lithium greaselithium-based greaselithium stearate
Lithium and its compounds have several industrial applications, including heat-resistant glass and ceramics, lithium grease lubricants, flux additives for iron, steel and aluminium production, lithium batteries, and lithium-ion batteries.
Lithium soap is a soap consisting of a lithium salt of a fatty acid.

Alkali metal

alkali metalsalkaligroup 1
It is a soft, silvery-white alkali metal.
The alkali metals consist of the chemical elements lithium (Li), sodium (Na), potassium (K), rubidium (Rb), caesium (Cs), and francium (Fr).

Lithium carbonate

Li 2 CO 3 lithiumlithium carbonate equivalent
In moist air, lithium rapidly tarnishes to form a black coating of lithium hydroxide (LiOH and LiOH·H 2 O), lithium nitride (Li 3 N) and lithium carbonate (Li 2 CO 3, the result of a secondary reaction between LiOH and CO 2 ). Many other inorganic compounds are known in which lithium combines with anions to form salts: borates, amides, carbonate, nitrate, or borohydride ([[Lithium borohydride|]]).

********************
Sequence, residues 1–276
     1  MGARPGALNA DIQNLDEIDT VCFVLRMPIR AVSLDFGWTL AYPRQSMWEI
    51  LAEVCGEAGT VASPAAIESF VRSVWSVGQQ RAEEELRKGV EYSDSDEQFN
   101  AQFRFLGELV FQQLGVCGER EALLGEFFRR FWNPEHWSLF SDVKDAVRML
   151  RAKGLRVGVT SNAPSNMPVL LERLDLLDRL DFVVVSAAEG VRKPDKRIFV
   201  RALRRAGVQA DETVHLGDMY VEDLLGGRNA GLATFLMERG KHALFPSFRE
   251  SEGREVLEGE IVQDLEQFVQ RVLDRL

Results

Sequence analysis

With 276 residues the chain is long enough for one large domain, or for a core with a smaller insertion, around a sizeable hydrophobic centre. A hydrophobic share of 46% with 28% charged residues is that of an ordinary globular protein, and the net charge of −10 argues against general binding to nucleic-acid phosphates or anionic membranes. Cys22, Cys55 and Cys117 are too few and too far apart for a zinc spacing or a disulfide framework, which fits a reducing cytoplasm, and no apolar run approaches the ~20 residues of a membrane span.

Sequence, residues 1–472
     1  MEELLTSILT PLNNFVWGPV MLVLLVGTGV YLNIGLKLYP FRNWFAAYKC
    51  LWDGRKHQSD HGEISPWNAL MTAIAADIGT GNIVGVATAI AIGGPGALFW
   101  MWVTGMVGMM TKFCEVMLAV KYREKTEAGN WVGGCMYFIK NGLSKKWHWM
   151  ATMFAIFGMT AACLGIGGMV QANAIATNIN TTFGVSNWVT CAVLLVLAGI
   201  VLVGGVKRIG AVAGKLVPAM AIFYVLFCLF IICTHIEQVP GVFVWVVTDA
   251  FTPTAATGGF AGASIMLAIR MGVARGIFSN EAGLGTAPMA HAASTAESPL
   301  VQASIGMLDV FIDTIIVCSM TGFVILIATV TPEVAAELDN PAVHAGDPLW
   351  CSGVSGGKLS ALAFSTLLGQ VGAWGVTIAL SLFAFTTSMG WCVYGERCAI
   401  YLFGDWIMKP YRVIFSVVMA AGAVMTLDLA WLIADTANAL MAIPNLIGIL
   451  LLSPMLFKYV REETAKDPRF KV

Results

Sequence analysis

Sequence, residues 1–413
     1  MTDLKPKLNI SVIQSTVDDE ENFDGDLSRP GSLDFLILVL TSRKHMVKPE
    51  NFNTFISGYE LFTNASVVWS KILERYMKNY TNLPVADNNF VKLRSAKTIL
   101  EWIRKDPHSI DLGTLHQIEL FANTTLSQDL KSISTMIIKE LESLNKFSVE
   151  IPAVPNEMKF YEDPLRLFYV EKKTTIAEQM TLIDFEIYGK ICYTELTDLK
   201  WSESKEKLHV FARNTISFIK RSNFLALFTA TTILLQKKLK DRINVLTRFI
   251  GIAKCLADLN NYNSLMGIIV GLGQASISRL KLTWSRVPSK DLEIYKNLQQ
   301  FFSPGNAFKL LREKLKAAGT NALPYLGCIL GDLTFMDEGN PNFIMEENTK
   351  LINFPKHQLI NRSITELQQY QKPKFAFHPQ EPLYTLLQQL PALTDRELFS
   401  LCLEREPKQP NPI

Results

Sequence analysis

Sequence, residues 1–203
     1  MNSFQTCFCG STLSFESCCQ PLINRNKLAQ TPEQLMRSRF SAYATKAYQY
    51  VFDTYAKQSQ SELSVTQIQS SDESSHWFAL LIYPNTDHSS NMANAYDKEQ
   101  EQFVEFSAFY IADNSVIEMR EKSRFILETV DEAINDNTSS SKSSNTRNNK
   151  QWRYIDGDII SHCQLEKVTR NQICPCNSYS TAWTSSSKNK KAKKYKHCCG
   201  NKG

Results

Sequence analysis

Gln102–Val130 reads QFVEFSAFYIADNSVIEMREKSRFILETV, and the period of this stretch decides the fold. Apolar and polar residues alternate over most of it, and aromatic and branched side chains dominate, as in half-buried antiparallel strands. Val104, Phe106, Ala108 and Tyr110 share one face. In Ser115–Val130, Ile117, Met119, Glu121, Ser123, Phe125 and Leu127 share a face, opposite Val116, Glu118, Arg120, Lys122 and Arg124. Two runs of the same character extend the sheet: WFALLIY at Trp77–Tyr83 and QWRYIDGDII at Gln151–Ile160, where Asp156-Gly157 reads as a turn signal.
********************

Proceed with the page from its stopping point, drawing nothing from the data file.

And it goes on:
Lithium carbonate is an inorganic compound, the lithium salt of carbonate with the formula.

Electrolysis

electrolyticelectrolyzedelectrolyzer
Lithium metal is isolated electrolytically from a mixture of lithium chloride and potassium chloride.

Potassium

KK + potassium ion
Lithium can float on the lightest hydrocarbon oils and is one of only three metals that can float on water, the other two being sodium and potassium.